Farmers, loggers and... electricity
The municipality of Low was founded in 1848 by a group of Irish emigrants.
Its name recalls the memory of Charles Adamson Low, an important lumber merchant and rights holder in the Gatineau Valley at the time. His surname also identified the post office from 1854.
As for the parish, identified as Saint-Martin-de-Tours, it was created as a mission in 1858 and was the subject of a canonical erection in 1892. Its name was given to it in honor of Martin O'Mally, donor of the land on which the church was built in 1892.
Low represents one of the rare cases where the township from which it takes its name was subsequently proclaimed.
The township dates back to 1859 when the township municipality was officially established on January 1, 1857, a decision which came into force on January 1, 1858.
The proclamation of cantons constitutes a purely official gesture, almost always subsequent, and often several years, to their designation.
Like most municipalities in the Gatineau Valley, Low was born from logging and the development of agriculture which accompanied the arrival of the first loggers.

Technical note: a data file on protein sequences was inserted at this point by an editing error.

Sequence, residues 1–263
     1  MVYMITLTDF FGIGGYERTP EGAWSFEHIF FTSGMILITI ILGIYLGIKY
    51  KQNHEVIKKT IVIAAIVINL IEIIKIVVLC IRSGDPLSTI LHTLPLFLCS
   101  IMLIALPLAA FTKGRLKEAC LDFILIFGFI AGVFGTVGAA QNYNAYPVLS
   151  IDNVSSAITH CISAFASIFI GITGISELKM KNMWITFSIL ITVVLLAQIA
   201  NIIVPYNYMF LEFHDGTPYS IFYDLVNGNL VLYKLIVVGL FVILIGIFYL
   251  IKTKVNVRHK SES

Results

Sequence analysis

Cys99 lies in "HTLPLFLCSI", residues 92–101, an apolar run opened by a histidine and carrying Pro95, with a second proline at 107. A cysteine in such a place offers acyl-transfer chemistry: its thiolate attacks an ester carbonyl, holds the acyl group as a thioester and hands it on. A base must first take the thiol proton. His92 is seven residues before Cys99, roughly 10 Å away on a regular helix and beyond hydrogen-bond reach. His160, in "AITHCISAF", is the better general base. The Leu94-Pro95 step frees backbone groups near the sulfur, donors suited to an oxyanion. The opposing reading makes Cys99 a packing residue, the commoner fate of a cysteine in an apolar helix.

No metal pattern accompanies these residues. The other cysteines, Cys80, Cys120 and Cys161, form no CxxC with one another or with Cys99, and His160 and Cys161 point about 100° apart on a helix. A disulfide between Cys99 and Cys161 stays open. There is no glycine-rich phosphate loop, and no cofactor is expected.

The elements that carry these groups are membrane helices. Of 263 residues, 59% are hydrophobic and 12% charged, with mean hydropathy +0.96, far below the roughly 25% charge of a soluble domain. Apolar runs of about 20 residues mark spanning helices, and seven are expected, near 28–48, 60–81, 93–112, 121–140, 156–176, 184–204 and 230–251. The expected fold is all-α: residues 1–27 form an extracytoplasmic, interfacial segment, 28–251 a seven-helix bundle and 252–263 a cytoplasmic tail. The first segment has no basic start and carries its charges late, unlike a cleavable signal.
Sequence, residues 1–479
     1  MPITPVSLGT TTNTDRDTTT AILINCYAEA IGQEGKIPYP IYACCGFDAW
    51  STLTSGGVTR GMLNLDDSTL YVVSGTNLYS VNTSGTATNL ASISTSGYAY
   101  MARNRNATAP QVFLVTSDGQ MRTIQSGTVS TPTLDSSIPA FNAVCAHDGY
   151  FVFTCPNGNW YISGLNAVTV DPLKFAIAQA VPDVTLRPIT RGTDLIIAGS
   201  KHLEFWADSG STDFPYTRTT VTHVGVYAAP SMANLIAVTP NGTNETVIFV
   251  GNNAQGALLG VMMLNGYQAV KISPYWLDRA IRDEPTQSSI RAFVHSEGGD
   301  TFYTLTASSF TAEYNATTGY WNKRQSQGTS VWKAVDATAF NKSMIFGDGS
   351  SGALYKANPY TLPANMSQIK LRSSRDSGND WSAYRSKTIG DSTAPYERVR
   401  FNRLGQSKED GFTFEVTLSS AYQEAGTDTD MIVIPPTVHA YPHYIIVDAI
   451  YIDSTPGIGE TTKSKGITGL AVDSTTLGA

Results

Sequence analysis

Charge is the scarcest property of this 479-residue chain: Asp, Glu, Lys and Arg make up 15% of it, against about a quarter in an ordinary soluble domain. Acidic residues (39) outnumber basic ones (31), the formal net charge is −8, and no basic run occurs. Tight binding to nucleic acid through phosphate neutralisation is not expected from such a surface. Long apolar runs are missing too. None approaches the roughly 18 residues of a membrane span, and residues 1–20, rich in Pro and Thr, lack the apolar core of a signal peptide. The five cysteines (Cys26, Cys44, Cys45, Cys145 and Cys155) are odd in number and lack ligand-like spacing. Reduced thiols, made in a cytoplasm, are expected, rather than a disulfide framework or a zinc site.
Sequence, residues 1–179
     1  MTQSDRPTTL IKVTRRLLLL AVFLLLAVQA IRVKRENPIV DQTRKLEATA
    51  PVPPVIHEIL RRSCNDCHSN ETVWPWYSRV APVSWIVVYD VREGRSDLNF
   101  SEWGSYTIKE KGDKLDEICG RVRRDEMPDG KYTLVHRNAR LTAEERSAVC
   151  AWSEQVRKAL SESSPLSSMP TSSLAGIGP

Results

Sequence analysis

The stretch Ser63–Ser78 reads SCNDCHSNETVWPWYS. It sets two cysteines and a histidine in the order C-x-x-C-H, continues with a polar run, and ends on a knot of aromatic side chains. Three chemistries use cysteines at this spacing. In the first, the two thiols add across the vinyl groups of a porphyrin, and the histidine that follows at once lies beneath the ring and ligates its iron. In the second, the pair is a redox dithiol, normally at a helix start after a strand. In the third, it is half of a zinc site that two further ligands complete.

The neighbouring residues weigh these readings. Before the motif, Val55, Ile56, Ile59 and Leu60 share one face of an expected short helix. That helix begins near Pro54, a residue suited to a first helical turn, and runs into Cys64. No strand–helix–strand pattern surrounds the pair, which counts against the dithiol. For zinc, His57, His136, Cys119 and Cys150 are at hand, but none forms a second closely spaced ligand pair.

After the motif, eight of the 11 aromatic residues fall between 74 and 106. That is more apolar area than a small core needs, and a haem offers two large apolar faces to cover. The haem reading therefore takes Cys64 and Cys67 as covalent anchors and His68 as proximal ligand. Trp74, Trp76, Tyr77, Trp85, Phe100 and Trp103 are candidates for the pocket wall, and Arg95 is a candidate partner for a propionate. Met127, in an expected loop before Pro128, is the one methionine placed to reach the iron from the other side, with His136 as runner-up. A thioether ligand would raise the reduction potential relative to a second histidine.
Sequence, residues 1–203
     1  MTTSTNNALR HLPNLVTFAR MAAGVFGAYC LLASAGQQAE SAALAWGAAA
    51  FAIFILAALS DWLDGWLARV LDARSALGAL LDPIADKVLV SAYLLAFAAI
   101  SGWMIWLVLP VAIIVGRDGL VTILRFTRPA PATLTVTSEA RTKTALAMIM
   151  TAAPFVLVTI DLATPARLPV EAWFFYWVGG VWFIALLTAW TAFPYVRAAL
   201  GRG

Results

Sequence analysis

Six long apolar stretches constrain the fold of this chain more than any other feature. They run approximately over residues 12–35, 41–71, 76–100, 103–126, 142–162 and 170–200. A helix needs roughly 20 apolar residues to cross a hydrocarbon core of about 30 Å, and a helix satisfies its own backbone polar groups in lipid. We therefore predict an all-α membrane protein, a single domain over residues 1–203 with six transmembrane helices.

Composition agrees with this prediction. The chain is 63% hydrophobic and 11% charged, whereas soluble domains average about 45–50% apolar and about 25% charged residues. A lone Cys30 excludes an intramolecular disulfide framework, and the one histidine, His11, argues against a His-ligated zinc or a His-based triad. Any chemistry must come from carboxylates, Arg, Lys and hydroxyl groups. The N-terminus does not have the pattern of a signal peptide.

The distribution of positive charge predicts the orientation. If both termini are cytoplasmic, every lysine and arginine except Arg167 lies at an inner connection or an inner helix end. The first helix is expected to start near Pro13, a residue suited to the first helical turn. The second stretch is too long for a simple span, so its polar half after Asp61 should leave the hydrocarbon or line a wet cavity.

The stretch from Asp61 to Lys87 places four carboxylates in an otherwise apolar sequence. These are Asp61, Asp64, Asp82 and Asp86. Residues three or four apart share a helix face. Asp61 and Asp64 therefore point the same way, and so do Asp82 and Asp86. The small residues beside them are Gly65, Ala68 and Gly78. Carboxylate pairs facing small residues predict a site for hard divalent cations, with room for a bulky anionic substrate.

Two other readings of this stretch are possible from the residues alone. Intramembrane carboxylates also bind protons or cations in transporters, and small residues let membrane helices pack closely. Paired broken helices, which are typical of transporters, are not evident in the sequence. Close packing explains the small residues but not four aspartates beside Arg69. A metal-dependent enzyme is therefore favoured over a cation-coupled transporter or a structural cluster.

The railway, construction of which began in 1887, arrived in Low in 1892.
The municipality is also home to the largest electricity production facility in the Outaouais, the Paugan power station, with a capacity of 206 MW and a drop of 40 meters. It was built in 1928 and restored in 1956.
The troubles of 1895
One of the notable events in the history of Low was undoubtedly the revolt of its citizens in 1895. They refused to pay their taxes to the tax collectors sent by the government.
On November 13, the government sent an escort of police officers from Quebec City and constables from Hull to accompany the bailiff and the county treasurer. Nothing works. The tax collector is rejected and threatened.
The militia was called in to prevent unrest and a detachment of 82 men from the Ottawa Field Battery and a section of the Princess Louise Dragon Guards landed at Low Station on November 17, 1895.
After having “pacified” the areas of Low, Martindale and Brennan's Hill, the militia left the township on November 20.
The taxes were finally paid quickly and one of the leaders of the protest movement, Edward McSheffrey, was elected mayor of the first municipal council.
Maniwaki and the Gatineau Valley, Anastase Roy, 1933
A river that comes from the north, Louis-André Hubert, 2001
Quebec Toponymy Commission, http://www.toponymie.gouv.qc.ca